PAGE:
RE: [Videolib] question on copyrights

Hornbeck, Patty (
Wed, 22 Feb 2006 11:26:00 -0500

In the early eighties most classroom viewings -- of educational and feature films -- had to be arranged well ahead of time and rented on 16 or 35mm. Those of us (myself included) who decry pay-per-use as a model for academic viewing tend to forget that that's the way it was before the easy availability of video and DVD.
Patricia Hornbeck
Media Resources Development Coordinator
Middlebury College
Library and Information Services/#212
Middlebury, VT 05753

(802)443-2268 phone
(802)443-5698 fax

-----Original Message-----
[]On Behalf Of Jessica
Sent: Wed, February 22, 2006 10:12 AM
Subject: Re: [Videolib] question on copyrights

It is different both practically and legally. Frankly if you want the total
convenience of any student being able to watch a film at any time in
as one media person once said to me referring to closed circuit system
"in the convenience of their dorm room" you are going to have to pay for it.
However in many, many cases it won't be available at any price due to issues
I have mentioned in previous posts. Frankly physical copies have accepted
built in limitations. You might need more than one to meet demand, you will
almost inevitably have to replace a lost or damaged copy, bottom line is
that over time it might cost you more than the $20 you paid for a copy. What
You want is to pay $20 for a film, digitize a copy and have it forever and
make available to any student or prof who needs it in conjunction with an
academic activity. There may of course be a middle ground here in which
You might pay say a whopping $20 a year to do this but even that means
that those rights have to available for purchase and for many films they
are not and in some important cases may never be. And again per my previous
post if it were legal to digitize a whole feature film for streaming there
would be no difference between a copy you bought from a distributor and a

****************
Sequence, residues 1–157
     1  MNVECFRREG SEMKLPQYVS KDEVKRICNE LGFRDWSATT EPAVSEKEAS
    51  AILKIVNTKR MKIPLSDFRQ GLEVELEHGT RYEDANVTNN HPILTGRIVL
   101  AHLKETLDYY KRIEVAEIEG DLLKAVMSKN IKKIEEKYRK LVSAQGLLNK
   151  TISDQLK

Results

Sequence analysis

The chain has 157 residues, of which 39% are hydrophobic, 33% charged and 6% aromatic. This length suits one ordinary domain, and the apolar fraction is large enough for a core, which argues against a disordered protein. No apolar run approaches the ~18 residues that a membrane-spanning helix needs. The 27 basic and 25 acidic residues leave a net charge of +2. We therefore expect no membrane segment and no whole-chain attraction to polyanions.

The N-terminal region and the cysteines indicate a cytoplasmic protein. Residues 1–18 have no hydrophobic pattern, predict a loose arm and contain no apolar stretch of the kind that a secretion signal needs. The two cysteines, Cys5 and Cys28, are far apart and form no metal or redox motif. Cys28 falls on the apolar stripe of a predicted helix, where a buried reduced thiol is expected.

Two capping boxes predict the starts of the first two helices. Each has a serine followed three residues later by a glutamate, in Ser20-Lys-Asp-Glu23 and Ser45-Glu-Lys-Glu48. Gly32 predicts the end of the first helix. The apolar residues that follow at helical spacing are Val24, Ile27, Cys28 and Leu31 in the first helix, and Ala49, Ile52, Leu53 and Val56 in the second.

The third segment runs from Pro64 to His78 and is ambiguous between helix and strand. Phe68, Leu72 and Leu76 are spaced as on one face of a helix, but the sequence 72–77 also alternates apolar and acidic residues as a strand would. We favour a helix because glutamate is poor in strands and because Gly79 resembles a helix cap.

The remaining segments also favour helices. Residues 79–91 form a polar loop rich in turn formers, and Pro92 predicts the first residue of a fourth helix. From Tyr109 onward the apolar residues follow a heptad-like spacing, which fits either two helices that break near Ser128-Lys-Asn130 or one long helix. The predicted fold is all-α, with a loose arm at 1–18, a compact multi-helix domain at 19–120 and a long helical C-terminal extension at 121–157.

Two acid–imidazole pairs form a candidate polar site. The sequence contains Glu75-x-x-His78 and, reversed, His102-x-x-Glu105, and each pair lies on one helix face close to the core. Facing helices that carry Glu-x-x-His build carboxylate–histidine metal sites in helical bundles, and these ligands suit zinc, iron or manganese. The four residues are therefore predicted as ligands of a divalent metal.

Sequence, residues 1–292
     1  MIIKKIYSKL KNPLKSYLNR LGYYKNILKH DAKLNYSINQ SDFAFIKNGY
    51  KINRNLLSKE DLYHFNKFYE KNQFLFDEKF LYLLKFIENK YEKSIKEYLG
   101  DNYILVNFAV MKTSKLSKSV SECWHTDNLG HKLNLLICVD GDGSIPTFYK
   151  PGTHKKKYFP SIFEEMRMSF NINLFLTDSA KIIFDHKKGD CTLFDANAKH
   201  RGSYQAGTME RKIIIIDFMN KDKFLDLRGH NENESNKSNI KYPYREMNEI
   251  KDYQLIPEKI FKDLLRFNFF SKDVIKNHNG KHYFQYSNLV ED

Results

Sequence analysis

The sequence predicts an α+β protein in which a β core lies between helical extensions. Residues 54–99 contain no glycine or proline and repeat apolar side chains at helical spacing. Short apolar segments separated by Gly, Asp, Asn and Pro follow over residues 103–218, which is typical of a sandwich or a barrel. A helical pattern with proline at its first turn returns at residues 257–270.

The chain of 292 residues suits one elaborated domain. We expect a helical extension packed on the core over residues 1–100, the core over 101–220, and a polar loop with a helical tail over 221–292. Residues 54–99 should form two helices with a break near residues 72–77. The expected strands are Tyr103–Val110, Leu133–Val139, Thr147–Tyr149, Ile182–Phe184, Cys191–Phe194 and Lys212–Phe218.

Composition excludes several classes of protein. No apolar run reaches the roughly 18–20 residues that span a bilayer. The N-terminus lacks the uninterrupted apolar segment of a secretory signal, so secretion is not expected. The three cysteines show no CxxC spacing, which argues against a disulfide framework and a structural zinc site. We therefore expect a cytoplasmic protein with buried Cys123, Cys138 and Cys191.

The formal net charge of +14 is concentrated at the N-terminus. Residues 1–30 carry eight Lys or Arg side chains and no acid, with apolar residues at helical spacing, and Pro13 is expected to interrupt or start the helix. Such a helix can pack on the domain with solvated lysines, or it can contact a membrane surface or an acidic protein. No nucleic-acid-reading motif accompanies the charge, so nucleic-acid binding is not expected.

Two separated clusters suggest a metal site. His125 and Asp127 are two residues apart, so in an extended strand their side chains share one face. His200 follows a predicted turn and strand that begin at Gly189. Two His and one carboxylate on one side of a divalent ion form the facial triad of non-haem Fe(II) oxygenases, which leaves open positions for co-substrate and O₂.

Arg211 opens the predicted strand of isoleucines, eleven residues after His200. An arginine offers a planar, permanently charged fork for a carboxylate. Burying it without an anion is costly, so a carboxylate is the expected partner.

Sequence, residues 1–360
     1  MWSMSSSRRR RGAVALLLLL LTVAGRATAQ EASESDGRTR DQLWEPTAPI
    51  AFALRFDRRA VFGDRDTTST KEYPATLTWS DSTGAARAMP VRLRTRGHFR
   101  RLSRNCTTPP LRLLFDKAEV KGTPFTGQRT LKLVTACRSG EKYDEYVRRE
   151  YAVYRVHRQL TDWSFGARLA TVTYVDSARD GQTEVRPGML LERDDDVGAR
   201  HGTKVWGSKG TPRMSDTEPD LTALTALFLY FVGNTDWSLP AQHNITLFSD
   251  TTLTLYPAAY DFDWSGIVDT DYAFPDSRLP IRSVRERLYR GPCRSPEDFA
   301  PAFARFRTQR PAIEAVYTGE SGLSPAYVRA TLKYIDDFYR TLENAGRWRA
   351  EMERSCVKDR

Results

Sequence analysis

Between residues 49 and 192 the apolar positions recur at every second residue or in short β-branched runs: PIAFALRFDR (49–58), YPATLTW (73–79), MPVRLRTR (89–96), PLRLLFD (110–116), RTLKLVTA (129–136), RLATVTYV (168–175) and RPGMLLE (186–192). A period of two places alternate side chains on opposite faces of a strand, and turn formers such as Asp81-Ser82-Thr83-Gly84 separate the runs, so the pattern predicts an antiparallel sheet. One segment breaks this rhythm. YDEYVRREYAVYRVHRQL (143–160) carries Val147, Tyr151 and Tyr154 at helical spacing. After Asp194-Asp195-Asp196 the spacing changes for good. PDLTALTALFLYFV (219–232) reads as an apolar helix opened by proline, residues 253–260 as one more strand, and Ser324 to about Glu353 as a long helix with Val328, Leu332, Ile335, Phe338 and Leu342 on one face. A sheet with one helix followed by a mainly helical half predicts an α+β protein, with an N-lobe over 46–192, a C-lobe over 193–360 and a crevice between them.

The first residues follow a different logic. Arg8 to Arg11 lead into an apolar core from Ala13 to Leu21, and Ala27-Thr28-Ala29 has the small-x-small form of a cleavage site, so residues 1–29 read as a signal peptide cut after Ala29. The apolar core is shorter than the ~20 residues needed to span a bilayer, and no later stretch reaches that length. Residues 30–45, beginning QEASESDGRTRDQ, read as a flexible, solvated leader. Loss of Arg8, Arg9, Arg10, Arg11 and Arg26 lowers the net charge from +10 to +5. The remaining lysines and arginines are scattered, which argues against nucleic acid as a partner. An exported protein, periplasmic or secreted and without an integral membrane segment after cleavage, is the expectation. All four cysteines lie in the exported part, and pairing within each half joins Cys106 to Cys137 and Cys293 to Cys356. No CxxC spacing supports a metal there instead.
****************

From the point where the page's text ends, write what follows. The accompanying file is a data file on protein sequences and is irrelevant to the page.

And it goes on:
copy you took out of video store, got from Netflix or borrowed on
interlibrary loan. I don't know of any small company selling what I will
call retail feature films that could survive if this were so.

On a much more important topic

GO CUBS ( shoot me Gary , Spring Training started and Susan roots for the
Right team)

On 2/22/06 9:55 AM, "Susan Albrecht" <> wrote:

> I think the question, though, Jessica, is why is it WORSE to stream a film
> **that the institution owns** and then password protect it and make it
> available to only a particular class of students, than it would be to have
> it on reserve? (There is no argument, correct?, that it's okay to place
> any video a library owns on reserve?) IOW, what most of us have done in
> the past is take that VHS or DVD that we *own* and place it on
> reserve. The students in that class would have to come into the library
> during the hours that we're open, check it out and view it here. Streaming
> and making it available, on a restricted basis, only changes the WAY in
> which those same students view the film. In the streaming situation, no
> fewer copies of the film are being purchased. So I guess I'm scratching my
> head a little here about why this is worse than the old-fashioned reserve
> system.
> Again, if the film were streamed into a classroom, it's no different than
> the faculty member swinging by the library, checking out the video and
> showing it in his/her classroom. I just don't see why this would cut into
> sales; the institution still has to buy the original copy that it's going
> to stream. Maybe I'm giving away my position at a very small institution
> in this response, though, and you're really thinking of large universities?
> Susan at Wabash
> At 04:20 PM 2/21/2006 -0500, you wrote:
>> I too appreciate the discussion but do think it is more than a stretch
>> and potentially dangerous to suggest that fair use would allow the streaming